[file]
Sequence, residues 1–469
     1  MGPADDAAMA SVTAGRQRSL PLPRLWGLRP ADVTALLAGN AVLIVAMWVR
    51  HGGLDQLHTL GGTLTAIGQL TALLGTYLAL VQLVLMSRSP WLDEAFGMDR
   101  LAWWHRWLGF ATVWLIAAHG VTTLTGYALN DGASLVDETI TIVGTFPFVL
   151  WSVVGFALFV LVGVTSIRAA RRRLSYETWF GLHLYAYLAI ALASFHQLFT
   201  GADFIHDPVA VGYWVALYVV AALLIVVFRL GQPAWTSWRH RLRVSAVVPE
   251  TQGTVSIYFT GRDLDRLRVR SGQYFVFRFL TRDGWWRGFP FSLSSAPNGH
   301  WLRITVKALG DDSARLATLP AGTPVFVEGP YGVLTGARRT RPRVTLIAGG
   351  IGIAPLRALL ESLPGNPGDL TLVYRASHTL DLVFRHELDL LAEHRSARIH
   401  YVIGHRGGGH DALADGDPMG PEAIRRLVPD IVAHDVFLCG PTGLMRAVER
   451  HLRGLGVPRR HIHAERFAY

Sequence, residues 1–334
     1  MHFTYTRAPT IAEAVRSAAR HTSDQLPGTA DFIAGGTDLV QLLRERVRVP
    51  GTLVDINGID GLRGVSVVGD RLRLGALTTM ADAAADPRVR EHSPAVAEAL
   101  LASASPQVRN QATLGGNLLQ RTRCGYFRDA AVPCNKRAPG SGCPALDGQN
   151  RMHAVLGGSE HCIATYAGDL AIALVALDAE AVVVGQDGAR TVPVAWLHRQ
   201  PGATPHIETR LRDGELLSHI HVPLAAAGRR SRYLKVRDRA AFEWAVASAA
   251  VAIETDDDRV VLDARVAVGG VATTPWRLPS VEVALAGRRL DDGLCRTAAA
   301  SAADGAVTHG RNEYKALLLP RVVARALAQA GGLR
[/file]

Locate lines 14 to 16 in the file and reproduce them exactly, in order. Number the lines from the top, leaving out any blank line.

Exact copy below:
    51  GTLVDINGID GLRGVSVVGD RLRLGALTTM ADAAADPRVR EHSPAVAEAL
   101  LASASPQVRN QATLGGNLLQ RTRCGYFRDA AVPCNKRAPG SGCPALDGQN
   151  RMHAVLGGSE HCIATYAGDL AIALVALDAE AVVVGQDGAR TVPVAWLHRQ